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Ind vs Eng, Vizag: Anderson & Jaiswal- Two poles of the age-bar stand apart from the rest

It's Anderson vs Jaiswal

At one end, there was 41-year-young James Anderson, playing his 184th game on his 22nd year in the Test career. On the other end, it was just young Yashasvi Jaiswal, just around 10 months old in the Test arena, and still both looked apart from the rest of 19 players, taking part during the second Test between England and India in Vizag.

Jaiswal was around a year and half old, when Anderson made his Test debut against Zimbabwe. Roy Key, the current managing director of the England team, was part of the very Test match along with Micheal Vaughan and Nasser Hussain, both of whom do commentary nowadays, while Ashley Giles has played his role as the England coach. Ahh, then there is Andrew Straus, who came after Anderson, and retired almost 12-years ago, playing 100 Tests.

Yet, the red wine is still going, with self-belief and motivation to keep coming with new plans and challenges, something that the young Jaiswal could take note of.

Anderson to Gill & Jaiswal- A story of fast-forward generation

In the current England team for the Test match, the debutant Shoaib Bashir and Rehan Ahmed were not even born when Jimmy made his debut. Apart from Sachin Tendulkar (25) and Shivnarine Chanderpaul (22), only Anderson (22) has appeared in most calendar years. Exactly 100 Test caps have been gifted by England between Anderson and today’s Bashir.

At 41 year and 187 days old, he is the oldest pacer to appear in Tests in India. And then when he started his new ball opening spell against Rohit Sharma and Jaiswal, the wobble delivery with outswing and inswing hitting the right length, and making the batter coming forward, and beating the edge on a consistent basis- it felt like a 20-year-old was running with a face mask.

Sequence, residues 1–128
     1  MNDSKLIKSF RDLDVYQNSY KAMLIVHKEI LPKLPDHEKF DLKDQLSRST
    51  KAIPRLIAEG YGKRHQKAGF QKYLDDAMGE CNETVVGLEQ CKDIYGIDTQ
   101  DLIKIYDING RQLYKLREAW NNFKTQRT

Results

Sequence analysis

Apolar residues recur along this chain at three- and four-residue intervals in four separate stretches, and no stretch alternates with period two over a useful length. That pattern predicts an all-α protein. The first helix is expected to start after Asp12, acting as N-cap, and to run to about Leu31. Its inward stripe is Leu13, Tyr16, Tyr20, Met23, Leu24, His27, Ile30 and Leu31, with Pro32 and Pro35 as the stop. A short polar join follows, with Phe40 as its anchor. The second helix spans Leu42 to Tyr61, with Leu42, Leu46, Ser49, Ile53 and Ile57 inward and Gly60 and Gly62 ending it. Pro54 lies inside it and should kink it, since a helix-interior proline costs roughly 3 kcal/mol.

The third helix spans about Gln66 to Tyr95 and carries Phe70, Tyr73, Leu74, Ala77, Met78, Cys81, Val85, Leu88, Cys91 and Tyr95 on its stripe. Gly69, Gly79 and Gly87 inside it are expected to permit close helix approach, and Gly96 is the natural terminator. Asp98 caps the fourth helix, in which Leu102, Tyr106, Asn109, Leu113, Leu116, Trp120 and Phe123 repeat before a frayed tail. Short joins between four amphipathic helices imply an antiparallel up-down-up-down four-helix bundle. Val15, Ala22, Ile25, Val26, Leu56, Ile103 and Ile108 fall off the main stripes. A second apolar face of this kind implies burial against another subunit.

Anderson getting third India generation
©-Abhishek AB/Twitter

Anderson’s biggest weapon in his Test career has been his consistency to bowling to a batter at a specific line and length. When he came back just around 40-mins before the lunch break against a under performed Shubman Gill, who was looking good for a good score on a belter, the field was set to keep it tight. He almost got him in the first over of that spell, only for Joe Root to divide on his right and still not getting his fingers.

But so what, with the amount of drops Anderson has seen on his bowling, he is not a new customer in the shop. He went back to his mark, and kept it tight against Gill, who was easily using his feet to cover the line and ignore the swing.

Anderson, with some discussion with Ben Stokes, moved the square leg back in the fence, and asked Gill to be ready for the bouncer. And India’s number three fell on the trap. Expecting a short ball, his legs were jammed at the backfoot, and his hard hands went fishing to the next delivery to get the edge, which was brilliantly grabbed by Ben Foakes. It was fifth time Anderson hunted Gill. The same bowler who used to trap Tendulkar- nine times in Tests, and Virat Kohli (7) in the past India generations- got a new trick against the new superstar.

Even he was displaying an awesome exhibition of reverse-swing against Jaiswal, who was giving him the full respect Anderson deserves. It was quite amusing to see the eonian beating the edge of the batter, who by then had already played more than 200 balls on the surface. India ended the day at 3.61, Jaiswal at 70 strike rate and Anderson? 1.80 with 1/30 in 17 overs under the heat of Vizag.

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Jaiswal- The young man on the right track in his own method